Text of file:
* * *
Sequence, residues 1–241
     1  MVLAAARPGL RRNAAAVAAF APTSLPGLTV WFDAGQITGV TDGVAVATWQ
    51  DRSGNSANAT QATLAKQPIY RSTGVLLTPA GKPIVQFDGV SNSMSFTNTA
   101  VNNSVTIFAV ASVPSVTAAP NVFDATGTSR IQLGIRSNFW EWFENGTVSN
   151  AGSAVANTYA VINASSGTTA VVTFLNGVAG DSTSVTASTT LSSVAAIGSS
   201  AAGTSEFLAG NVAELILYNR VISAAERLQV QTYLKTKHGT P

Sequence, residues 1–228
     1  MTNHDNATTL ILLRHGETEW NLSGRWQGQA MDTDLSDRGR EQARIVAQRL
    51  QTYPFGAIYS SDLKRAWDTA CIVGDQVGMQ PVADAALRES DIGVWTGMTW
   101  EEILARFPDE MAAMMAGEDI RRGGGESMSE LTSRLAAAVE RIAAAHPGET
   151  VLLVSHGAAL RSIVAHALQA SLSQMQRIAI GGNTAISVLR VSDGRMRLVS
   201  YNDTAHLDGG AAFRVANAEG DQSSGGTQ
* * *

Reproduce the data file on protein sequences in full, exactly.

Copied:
Sequence, residues 1–241
     1  MVLAAARPGL RRNAAAVAAF APTSLPGLTV WFDAGQITGV TDGVAVATWQ
    51  DRSGNSANAT QATLAKQPIY RSTGVLLTPA GKPIVQFDGV SNSMSFTNTA
   101  VNNSVTIFAV ASVPSVTAAP NVFDATGTSR IQLGIRSNFW EWFENGTVSN
   151  AGSAVANTYA VINASSGTTA VVTFLNGVAG DSTSVTASTT LSSVAAIGSS
   201  AAGTSEFLAG NVAELILYNR VISAAERLQV QTYLKTKHGT P

Sequence, residues 1–228
     1  MTNHDNATTL ILLRHGETEW NLSGRWQGQA MDTDLSDRGR EQARIVAQRL
    51  QTYPFGAIYS SDLKRAWDTA CIVGDQVGMQ PVADAALRES DIGVWTGMTW
   101  EEILARFPDE MAAMMAGEDI RRGGGESMSE LTSRLAAAVE RIAAAHPGET
   151  VLLVSHGAAL RSIVAHALQA SLSQMQRIAI GGNTAISVLR VSDGRMRLVS
   201  YNDTAHLDGG AAFRVANAEG DQSSGGTQ